China’s annual meeting to set the national economic agenda, known as the Central Economic Work Conference, wrapped up on Dec. 16–with results that will disappoint anyone hoping for a bold vision from China’s new leaders, Xi Jinping and Li Keqiang. Though the conference has never been a platform for broadcasting dramatic policy shifts, this year’s unusually vague and conservative conference report (in Chinese) signals that China’s new leaders are likely to prioritize caution over effectiveness in their new tenure.
The major break with past themes was this year’s emphasis on improving social welfare and living standards, while downplaying the focus on growth that featured so heavily in past reports. This shift is all the more surprising given that the report also spelled out, far more explicitly than in the past, the “downward pressure on economic growth” that China now faces. Indeed, this year’s report alluded several times to concerns about “excess capacity” (channeng guosheng) concerns, as well as to worries about redundant public infrastructure investments.
For those worried that the government may pull the plug on infrastructure spending, the familiar refrain of “urbanization” (chengzhenhua)—something the conference has championed every year in recent memory—and its continued promotion of “proactive” fiscal policy should quell such fears. However, the report’s emphasis on social welfare suggests that the government’s past obsession with high growth might at last be taking a backseat to longer-term economic goals.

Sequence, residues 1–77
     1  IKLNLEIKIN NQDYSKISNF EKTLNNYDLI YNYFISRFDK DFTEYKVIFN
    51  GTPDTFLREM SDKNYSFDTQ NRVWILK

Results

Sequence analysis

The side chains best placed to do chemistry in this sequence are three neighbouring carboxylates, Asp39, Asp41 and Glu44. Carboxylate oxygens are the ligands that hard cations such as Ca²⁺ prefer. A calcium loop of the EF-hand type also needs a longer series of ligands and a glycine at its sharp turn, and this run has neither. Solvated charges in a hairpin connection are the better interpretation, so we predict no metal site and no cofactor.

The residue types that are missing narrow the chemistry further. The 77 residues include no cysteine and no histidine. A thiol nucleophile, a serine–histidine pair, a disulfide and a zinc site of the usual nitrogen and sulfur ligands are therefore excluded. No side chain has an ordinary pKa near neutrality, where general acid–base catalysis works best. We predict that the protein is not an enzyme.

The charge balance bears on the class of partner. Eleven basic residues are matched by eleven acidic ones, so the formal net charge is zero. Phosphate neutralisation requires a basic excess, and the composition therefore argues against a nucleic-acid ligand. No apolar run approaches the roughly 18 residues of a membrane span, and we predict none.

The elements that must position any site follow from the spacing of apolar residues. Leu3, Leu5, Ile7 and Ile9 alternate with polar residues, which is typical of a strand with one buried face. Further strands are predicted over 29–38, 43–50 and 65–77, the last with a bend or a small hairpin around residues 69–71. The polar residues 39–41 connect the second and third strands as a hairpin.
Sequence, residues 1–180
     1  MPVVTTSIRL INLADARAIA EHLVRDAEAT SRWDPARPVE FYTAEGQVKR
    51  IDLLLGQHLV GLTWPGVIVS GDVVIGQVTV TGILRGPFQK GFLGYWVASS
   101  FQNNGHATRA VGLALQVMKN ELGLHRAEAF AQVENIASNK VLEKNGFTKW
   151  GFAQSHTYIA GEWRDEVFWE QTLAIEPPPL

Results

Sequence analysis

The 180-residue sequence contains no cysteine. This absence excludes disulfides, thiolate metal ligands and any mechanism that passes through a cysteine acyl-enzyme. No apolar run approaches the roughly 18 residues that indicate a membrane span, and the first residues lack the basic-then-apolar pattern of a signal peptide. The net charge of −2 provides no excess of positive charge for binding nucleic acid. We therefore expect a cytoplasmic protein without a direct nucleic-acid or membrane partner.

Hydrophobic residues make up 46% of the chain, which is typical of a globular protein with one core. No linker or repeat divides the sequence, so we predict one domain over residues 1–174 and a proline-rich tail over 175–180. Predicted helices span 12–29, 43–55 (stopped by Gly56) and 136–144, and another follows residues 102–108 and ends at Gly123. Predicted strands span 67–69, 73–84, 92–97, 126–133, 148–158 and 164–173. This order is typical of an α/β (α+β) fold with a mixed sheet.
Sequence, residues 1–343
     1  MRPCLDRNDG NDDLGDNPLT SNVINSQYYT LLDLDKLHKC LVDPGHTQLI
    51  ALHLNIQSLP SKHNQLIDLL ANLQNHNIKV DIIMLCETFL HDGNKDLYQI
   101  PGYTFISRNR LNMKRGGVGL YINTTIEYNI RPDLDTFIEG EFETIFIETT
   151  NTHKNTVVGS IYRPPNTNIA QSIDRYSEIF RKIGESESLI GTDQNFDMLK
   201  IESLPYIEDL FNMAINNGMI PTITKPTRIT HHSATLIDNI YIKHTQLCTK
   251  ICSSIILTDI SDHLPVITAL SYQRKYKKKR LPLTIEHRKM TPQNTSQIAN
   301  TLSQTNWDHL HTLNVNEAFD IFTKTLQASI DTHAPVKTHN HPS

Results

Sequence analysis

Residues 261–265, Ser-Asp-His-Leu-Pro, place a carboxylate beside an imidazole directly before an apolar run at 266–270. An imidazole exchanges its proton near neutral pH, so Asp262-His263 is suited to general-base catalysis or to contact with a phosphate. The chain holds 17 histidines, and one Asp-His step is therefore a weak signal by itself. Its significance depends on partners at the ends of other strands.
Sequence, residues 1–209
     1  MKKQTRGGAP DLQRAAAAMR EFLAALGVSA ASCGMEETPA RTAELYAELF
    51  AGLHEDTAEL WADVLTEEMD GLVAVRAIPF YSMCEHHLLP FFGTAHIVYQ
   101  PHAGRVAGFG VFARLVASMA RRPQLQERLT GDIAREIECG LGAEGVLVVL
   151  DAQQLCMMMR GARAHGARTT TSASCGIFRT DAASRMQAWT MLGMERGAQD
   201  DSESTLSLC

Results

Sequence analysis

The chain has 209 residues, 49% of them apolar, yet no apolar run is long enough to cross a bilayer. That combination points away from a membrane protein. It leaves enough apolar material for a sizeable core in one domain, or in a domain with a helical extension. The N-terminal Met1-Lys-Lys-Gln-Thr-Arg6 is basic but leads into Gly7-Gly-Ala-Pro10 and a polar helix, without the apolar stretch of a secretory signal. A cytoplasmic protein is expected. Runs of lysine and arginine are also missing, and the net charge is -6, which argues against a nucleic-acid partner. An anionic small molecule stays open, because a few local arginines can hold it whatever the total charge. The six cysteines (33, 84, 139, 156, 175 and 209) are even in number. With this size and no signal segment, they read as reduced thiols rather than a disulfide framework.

And how might those priorities be achieved? Unclear. Beyond looking to lead the masses to adopting the concept of “self-made wealth” (qin lao zhi fu), the report declines to mention any details of its reform agenda—an omission that elicited (link in Chinese) disappointment from some quarters of the Chinese media. One such hoped-for reform was a property tax; after last year’s report mentioned the idea for the first time, its absence from this year’s report leaves the policy up in the air once again.
In addition, the report offered scanty, if any, detail on addressing the widening wealth gap, notably the controversial “income distribution adjustment” (shouru fenpei tiaozheng) reform. China expert Bill Bishop flags reports that this plan has been delayed yet again.
Despite the report’s lack of specifics, its newfound focus on social issues signals at minimum that the incoming administration’s attention is aimed where it should be: on creating opportunities and social support for its poor and middle-class citizens. And it’s certainly possible that Xi and Li will wait for their official accession in March before rolling out headline policies. But for the moment, those who worry that China’s new leaders lack political clout can comfortably add another item—policy vision—to Xi’s and Li’s list of disquieting deficiencies.